So why are our cities and communities housing such disconnection and why are we so afraid for our eyes to meet, to acknowledge each other, to communicate in support of a more harmonious way of living?
What’s going on in our bodies and households that reinforce this disharmony?
These and many more questions I have shared and debated on numerous occasions with many friends at work, home and amongst fellow students at Universal Medicine, with much on offer to ponder. It is through sharing our thoughts, feelings and lived experiences that we begin to break down the barriers of egos and hurts.
In and amongst all this, and throughout history, there have always been examples of ‘extra ordinary’ people who sought to offer us some of the answers to these age old recurring questions, sharing different ways of seeing things and another way of living that was more in line with a deeper truth that resides within us all.
“The principles of the esoteric way of life date back to the oldest forms of knowledge and wisdom. Whilst ancient in their heritage, they have not out-dated themselves in relation to what is required of mankind to live in harmony and thus arrest any wayward conduct that does not build brotherhood within and amongst our communities everywhere. The esoteric means that which comes from the inner-most. It is the livingness of love that we all carry equally deep within and it is this livingness that restores each and every individual back into the rhythms of their inner-harmony and thus from there, the love is lived with all others. The esoteric is all encompassing and it comes from that which is found in the inner-heart centre of every individual. It lives with a unifying impulse to unite all as a living brotherhood of one race under the One God in accordance with the spirit of a one-humanity.” Serge Benhayon, Esoteric Teachings & Revelations. Volume II, Final page)
This brings back the honesty to how we are choosing to live in each and every moment. Is there a willingness to commit to more loving choices? Do we consider and utilise the grand array of support we have all around us? The beauty in this honesty allows continual refinement to our living way, the building blocks to inner- harmony.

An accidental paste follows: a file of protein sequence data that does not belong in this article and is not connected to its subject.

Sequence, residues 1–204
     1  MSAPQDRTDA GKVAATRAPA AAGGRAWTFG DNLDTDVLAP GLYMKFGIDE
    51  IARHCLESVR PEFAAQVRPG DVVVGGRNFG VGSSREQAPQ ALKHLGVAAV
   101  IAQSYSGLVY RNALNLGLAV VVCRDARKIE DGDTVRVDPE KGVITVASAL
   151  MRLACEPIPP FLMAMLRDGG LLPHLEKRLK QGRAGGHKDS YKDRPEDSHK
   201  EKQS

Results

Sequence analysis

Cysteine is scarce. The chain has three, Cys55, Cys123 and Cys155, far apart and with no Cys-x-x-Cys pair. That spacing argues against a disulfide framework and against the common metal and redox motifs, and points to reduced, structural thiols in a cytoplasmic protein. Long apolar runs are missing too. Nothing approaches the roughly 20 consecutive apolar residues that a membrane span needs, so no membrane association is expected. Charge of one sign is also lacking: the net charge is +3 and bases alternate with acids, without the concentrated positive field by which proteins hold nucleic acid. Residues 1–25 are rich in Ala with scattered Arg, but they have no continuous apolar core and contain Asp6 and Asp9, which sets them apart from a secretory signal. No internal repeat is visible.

Such a simple reminder – shared many times by Serge Benhayon and Natalie Benhayon from Universal Medicine – about the fact that our relationship with love is expressed in our every movement, and that every movement carries a certain quality! This quality can either be healing or harmful and is felt by all around us! BINGO!
So if there is a quality to how we each move then there must be a responsibility that comes with the choice of energy that impulses that movement.
This makes so much sense and adds further clarity in understanding the disconnection in the vibrations of our global footprints that I felt the other day.
It also offers a deeper level of respect for the responsibility we have for each other and ourselves in paying more attention to the energy we choose to align to. We have an opportunity every day to refine the way we are living and the magic in that gift could send any harsh self-critic packing! Believe me … I have had much experience in the weight of my critic’s baggage and its self-worth blockades, but slowly with more surrendering, acceptance and appreciation of myself and where I am at … her vacations are steadily and thankfully increasing.
To truly understand and feel that our choices in every moment contribute to forming the very foundation our homes, communities, cities and countries express from, further ignites our familiar sense of ‘brotherhood.’
The key in all of this is ‘connection’ – that is ‘re- connecting’ back to the love we are all innately from.
If we were to consider the bigger part of the ‘whole’ that we are unavoidably from, then our collective daily choices would certainly inspire a more harmonious global footprint.
By Christina Caplice, Hospitality & Tourism Management, Northern Rivers NSW